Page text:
Curcumin regulates transcription in Dictyostelium discoideum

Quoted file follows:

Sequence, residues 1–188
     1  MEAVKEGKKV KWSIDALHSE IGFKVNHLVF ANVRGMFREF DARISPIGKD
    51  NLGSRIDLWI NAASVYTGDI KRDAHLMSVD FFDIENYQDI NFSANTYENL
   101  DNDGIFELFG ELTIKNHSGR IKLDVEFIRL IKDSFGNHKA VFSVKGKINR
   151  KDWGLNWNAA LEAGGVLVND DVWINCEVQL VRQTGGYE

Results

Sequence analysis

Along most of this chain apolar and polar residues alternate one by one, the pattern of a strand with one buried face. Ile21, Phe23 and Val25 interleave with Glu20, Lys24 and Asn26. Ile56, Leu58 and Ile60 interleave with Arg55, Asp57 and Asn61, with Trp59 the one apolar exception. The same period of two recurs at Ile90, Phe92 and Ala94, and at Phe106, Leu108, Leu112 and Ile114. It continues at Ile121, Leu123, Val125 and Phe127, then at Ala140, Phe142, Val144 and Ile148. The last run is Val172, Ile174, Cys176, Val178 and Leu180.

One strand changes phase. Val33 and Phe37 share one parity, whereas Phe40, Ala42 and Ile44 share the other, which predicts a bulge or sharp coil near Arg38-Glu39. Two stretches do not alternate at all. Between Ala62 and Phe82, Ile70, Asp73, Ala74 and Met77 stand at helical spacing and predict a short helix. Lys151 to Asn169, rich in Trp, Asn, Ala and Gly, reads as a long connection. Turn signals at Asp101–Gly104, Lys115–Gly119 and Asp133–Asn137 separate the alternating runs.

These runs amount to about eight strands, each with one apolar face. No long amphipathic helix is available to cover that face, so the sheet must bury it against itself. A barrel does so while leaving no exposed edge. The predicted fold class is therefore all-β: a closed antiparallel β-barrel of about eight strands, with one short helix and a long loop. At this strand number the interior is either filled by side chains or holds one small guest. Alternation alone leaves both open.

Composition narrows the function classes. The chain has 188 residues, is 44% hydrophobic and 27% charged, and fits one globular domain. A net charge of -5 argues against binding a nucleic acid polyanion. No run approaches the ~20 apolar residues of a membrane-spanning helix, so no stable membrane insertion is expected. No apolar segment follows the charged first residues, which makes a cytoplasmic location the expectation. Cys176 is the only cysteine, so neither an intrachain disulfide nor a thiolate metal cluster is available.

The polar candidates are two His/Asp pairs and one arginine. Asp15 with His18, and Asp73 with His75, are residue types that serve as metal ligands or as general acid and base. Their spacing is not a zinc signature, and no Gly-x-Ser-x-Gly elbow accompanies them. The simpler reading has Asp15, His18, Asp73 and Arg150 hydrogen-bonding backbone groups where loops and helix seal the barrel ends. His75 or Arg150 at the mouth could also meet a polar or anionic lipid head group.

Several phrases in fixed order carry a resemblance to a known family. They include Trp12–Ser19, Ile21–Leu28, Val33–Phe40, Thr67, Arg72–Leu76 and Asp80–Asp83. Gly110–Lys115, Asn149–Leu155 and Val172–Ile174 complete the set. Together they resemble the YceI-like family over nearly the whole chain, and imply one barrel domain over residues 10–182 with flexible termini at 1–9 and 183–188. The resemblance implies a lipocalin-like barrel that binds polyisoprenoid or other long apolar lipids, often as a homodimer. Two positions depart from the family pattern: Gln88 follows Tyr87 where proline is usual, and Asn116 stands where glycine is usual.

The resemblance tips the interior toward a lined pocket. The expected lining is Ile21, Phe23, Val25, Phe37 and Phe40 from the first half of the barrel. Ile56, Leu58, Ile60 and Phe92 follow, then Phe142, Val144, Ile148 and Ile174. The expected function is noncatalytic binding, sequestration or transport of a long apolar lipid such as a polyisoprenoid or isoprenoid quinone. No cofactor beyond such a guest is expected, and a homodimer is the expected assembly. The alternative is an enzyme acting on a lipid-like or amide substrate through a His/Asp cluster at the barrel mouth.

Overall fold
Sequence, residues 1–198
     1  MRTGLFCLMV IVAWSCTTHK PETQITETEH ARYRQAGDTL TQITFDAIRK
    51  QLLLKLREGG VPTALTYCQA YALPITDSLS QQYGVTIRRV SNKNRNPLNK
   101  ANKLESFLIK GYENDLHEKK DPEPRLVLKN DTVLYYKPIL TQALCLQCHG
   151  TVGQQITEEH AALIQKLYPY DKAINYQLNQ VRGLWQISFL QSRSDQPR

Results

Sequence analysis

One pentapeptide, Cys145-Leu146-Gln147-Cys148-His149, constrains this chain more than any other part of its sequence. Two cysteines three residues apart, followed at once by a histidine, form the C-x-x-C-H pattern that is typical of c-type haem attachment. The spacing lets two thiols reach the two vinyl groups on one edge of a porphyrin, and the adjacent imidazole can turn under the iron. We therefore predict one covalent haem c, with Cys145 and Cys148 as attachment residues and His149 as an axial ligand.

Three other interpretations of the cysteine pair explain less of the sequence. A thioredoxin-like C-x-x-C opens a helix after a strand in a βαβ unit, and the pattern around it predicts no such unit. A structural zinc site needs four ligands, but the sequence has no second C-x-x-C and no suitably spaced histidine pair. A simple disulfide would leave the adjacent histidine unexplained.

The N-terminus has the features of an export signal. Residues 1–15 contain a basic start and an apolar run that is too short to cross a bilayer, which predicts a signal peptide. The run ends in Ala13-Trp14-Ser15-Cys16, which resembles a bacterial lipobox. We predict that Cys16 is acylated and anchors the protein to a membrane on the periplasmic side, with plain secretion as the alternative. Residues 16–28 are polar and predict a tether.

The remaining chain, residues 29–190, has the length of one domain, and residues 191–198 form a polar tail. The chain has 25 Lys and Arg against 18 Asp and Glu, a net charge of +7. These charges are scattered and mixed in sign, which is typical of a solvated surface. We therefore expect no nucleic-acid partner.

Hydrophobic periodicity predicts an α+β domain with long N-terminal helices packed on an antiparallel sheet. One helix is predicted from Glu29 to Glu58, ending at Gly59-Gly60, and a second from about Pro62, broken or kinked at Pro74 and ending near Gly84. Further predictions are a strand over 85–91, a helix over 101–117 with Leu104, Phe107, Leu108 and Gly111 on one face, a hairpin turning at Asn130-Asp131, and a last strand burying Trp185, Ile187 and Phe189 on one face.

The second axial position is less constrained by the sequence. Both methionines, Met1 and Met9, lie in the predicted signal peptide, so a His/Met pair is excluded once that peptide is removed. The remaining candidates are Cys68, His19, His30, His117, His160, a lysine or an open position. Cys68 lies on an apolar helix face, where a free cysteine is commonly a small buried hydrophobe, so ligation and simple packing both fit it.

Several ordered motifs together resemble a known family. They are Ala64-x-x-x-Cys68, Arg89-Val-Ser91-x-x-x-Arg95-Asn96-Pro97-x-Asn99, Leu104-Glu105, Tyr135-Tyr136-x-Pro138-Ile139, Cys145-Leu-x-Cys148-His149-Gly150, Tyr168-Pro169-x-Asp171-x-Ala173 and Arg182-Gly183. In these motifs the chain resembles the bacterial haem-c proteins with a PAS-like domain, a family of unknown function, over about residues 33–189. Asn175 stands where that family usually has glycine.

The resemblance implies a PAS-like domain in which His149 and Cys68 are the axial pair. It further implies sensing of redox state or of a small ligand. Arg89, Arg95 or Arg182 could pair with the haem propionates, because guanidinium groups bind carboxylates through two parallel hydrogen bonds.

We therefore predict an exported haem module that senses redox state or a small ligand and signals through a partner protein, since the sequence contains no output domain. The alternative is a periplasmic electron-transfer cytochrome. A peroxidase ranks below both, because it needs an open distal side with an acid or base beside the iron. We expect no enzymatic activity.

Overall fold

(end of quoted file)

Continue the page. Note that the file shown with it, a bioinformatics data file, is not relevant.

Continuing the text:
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Botanicals are widely used as dietary supplements and for the prevention and treatment of a myriad of diseases ranging from the common cold to depression. One in four Americans uses a botanical as part of their primary healthcare with billions of dollars spent annually. Curcumin, the active ingredient in turmeric, has gained a lot attention in recent years for its therapeutic uses and has been linked to a wide spectrum of pharmacological effects including anti-carcinogenic, anti-inflammatory, Alzheimer's prevention and antioxidant activity. Despite the large and growing interest in the use of botanicals such as curcumin in disease treatment and prevention, there is little evidence regarding their efficacy, safety and long-term effects. Importantly, the fundamental mechanisms associated with the cellular response to botanicals are generally not clearly understood, and there are often unknown off-target effects. This is supported by the bafflingly large number of effects associated with curcumin. The use of suitable model systems in pharmacogenetic analysis allows for the subsequent characterization of genes and their protein products to explain the mechanisms of drug action. Understanding the complex mechanisms associated with drug response is compounded by the use of mammalian models. In addition, the maintenance and care of such models, the large numbers of animals required for experimental study as well as ethical concerns have necessitated the use of simple and genetically tractable non-mammalian models. The social amoeba, Dictyostelium discoideum, has proven to be an excellent model for the molecular and genetic study of the mechanisms of action of drugs and their effects on the cell. D discoideum has been successfully used to find targets to improve efficacy of drugs used in psychiatry and cancer treatment. Those studies were subsequently validated in human cells. By taking advantage of this simple but powerful biological model and the molecular genetic tools available to us, we have started to investigate the complex effects of the botanical compound curcumin on cell growth, cell physiology and the underlying molecular mechanisms of action. Results from our studies revealed a rather complex pleiotropic response to curcumin including effects on proliferation, oxidative stress and a global regulation of gene expression at the transcriptional level. The relative lack of conclusive scientific evidence regarding the therapeutic benefits of curcumin, coupled with curcumin's possible deleterious effects as revealed by our research findings, underscore the importance of further research to establish curcumin's risks and benefits. Ascertaining the risk-benefits of curcumin with more conclusive scientific evidence would better equip consumers to make decisions about using curcumin, and in fact other botanicals, as part of their primary healthcare.
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